Most techniques for fabricating microchips produce 2D designs. But sometimes, a 3D structure is valuable. In one chip design he’s working on, Di Carlo uses a magnetic field to pull liquid from a narrow channel into a higher, wider one. As the fluid begins to expand in the larger chamber, surface tension causes it to form a sphere, which buds off as a droplet. “This now is a nanolitre pipette, basically, and that’s impossible to do by hand,” says Di Carlo. Such partitioning enables the chip to separate fluids such as blood into multiple, discrete reaction chambers so that many tests can be performed simultaneously2.

To make a 3D chip, scientists have generally had to stack successive layers of a polymer into the photolithography moulds. But 3D printing is changing that, because it requires neither much expertise nor much equipment, say the designers of one entry-level method. Vittorio Saggiomo, a chemist at Wageningen University in the Netherlands, happened upon the idea at home. Saggiomo 3D-prints plastic tools, such as small lamps or pipette holders, as well as fun stuff, such as bird houses. One day, he submerged a 3D-printed Star Wars helmet in acetone to smooth out the surface, but left it in too long — and the whole piece dissolved. He realized that he could fashion microchannels in the same way.

Saggiomo and his colleague Aldrik Velders, also a chemist, adapted the process for the lab. They use a 3D printer to create the shape of their desired channel, and suspend that piece of plastic in PDMS. They then soak it in acetone overnight to dissolve the plastic, which leaves behind a ready-to-use microchip3. Saggiomo and Velders are playing with this strategy, producing coils or interwoven channels that would otherwise be difficult to make. For example, they designed a chip with a straight channel surrounded by a coiled one. Users could run hot or cold liquid through the coil, says Saggiomo, and thereby change the temperature of a sample in techniques such as PCR.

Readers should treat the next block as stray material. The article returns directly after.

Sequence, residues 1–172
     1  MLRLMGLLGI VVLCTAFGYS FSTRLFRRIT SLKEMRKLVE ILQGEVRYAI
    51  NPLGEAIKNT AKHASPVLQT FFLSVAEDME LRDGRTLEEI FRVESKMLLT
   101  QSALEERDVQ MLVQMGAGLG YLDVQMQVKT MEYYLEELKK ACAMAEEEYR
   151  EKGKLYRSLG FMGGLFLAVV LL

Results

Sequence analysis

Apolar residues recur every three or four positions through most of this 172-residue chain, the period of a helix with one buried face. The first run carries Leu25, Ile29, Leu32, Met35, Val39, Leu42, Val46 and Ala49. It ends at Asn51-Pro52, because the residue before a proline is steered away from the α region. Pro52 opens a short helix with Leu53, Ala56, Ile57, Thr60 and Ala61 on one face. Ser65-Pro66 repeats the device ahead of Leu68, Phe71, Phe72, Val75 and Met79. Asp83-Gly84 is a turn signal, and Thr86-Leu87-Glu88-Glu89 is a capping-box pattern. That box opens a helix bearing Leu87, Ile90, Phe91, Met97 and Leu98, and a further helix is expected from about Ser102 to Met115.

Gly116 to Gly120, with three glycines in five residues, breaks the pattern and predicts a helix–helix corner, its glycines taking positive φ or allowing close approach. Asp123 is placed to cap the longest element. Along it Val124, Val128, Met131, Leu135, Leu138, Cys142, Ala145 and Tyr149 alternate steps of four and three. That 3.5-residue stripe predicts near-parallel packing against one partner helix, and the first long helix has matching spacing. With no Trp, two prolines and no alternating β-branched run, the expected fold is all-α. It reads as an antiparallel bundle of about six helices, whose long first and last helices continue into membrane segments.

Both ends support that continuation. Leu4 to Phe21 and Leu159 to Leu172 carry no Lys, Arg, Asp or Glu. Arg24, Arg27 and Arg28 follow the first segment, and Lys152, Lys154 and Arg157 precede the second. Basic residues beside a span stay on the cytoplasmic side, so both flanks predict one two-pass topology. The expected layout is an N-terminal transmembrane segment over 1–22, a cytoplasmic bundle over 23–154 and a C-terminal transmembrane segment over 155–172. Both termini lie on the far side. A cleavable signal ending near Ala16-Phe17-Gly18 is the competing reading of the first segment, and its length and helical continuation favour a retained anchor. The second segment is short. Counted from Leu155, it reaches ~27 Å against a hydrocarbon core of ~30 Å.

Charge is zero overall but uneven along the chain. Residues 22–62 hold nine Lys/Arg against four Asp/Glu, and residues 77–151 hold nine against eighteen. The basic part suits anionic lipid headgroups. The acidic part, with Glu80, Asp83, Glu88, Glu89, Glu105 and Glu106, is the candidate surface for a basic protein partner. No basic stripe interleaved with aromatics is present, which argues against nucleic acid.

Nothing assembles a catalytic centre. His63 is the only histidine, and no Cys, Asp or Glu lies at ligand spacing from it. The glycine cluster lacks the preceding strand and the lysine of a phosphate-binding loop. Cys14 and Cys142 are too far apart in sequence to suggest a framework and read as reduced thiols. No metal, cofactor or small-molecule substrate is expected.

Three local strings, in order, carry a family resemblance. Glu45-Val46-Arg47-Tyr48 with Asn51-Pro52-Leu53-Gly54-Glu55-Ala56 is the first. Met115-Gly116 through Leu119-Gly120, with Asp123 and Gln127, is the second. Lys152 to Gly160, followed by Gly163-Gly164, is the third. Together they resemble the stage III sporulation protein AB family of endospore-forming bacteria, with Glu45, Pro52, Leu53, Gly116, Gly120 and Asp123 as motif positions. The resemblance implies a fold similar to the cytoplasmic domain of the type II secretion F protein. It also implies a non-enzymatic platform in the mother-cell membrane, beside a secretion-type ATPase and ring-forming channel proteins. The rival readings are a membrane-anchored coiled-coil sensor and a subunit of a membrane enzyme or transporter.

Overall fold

Even with standard manufacturing procedures, chip designers are getting creative, using channel layouts such as chevrons, angles and squiggles. And although the field is starting to develop standardized designs, Di Carlo says, there’s a lot of room for variety in planning the fluid’s narrow path.

Chip designers also struggle to predict fluid dynamics at this level. “The underlying physics at this scale, it’s completely different from the water in your bathtub,” says Walter Minnella, an engineer at the Elvesys Innovation Center, a microfluidics company in Paris. Some forces, such as gravity, become negligible, whereas the high surface-area-to-volume ratio gives surface tension and the interaction between the fluid and channel walls an outsized influence. Aqueous solutions turn viscous, similar to honey, but there’s no turbulence, says Di Carlo. As a result, fluid motion becomes predictable — but it still might take a supercomputer a day or two to solve, Di Carlo estimates, which makes repeated simulations impractical. Most scientists opt instead for an empirical approach: build, test, repeat (see ‘Tips for chips’).

Blood breakdown

Mechanical engineer Shannon Stott at Massachusetts General Hospital in Charlestown and her team built multiple iterations of one chip before settling on its current form. They are pursuing liquid biopsies, a method for detecting and diagnosing disease from genetic clues in the blood. Their goal was to create a system that can purify and analyse CTCs from a minimally invasive blood sample4. They call their design the CTC-iChip — ‘i’ for ‘inertial focusing’, the technique used to line cells up in single file so that the chip can separate out the CTCs from other blood cells (see ‘Anatomy of a chip’). Among other things, the chip enables the team to count CTCs in patient blood samples and study their genetic composition.

Built out of plastic, the CTC-iChip consolidates three steps into one device. In the first stage, the chip eliminates unwanted blood components. Scientists label white blood cells with magnetic beads and then send the fluid through a chamber containing a series of plastic posts. The smaller bits, such as red blood cells and proteins, whizz through like a moth flying through a dense forest. The larger cells — the white blood cells and the rarer CTCs — are more like lumbering bears. As they bounce off the posts, the large cells are funnelled into stage two — the S-curves, or ‘wigglers’, as Stott calls them, which line the cells up in single file. In stage three, the device uses a magnet to yank the white blood cells out of line, leaving behind the CTCs.